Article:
Billy Graham

Billy Graham

By John Bowen

We knew it would happen one day, that a headline would appear announcing “The Death of Billy Graham.” But the fact that we knew it would come makes the event no less sad. It is the end of an era. Billy Graham defined evangelism, and indeed much of evangelicalism, for the second half of the twentieth century.

His preaching was heard by more people than anyone else in history. He was a pioneer in making use of media to spread the Gospel. He was friend and confidante to successive American presidents. He was also seen as a person of great integrity, in an age when many other public figures, some of them also evangelists, became enmeshed in scandal.

But Graham was not just an evangelist. In 1956, he founded Christianity Today, still today a broad and thoughtful evangelical voice. He built bridges between Christians of different stripes, a legacy that continues today in the Lausanne Movement. A Christianity Today tribute quotes J. I. Packer: "Up to 1940, it was every institution for itself. ... Increasingly, from the 1950s onward, evangelicals came together behind Billy Graham and the things he stood for and was committed to."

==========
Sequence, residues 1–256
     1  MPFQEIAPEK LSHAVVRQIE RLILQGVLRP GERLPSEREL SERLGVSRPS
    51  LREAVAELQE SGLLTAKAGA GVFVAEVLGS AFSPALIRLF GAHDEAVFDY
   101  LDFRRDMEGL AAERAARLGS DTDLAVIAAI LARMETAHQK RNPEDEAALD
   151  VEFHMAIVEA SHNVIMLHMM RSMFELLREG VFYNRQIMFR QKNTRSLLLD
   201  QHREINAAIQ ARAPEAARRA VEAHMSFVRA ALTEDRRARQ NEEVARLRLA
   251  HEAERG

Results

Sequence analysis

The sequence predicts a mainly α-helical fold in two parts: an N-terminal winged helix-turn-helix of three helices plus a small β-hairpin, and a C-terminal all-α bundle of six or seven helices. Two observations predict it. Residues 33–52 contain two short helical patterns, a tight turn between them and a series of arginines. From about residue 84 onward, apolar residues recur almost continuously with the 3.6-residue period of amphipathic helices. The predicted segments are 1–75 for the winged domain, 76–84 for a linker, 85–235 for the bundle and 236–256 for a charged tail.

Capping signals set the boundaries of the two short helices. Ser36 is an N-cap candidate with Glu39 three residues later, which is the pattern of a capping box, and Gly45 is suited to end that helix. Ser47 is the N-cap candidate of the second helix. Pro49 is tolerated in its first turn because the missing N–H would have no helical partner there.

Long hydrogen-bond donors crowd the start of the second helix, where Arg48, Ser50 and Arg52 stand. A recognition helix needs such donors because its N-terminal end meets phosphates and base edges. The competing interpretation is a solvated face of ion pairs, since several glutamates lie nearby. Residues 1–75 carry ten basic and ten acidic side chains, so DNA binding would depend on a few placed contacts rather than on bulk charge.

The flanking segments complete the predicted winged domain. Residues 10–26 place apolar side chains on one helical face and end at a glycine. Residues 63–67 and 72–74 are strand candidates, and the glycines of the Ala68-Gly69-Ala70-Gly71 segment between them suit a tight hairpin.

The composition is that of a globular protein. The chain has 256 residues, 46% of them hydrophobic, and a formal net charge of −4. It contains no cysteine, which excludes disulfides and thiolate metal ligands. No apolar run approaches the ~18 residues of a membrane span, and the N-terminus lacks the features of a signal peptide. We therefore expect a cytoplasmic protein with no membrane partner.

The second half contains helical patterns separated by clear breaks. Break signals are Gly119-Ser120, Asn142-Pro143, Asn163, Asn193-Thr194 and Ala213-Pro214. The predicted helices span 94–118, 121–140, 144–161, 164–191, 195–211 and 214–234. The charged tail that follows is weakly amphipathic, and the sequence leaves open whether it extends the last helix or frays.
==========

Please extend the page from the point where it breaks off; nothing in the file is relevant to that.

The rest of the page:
Anglican evangelicals might not always have agreed with Billy Graham’s theology or ecclesiology or methodology, but that should not blind us to the areas where we have much to learn from him, particularly his passion to communicate the Gospel to those outside the church. Anglicans who have shared that fire since (let’s say) the Second World War are few and far between: Sam Shoemaker, John Stott, David Watson, and Michael Green are on a very short list.   

Martin Marty once said that if there were a Mount Rushmore of American religious history, it would feature Jonathan Edwards, Martin Luther King . . . and Billy Graham. We shall not see his like again.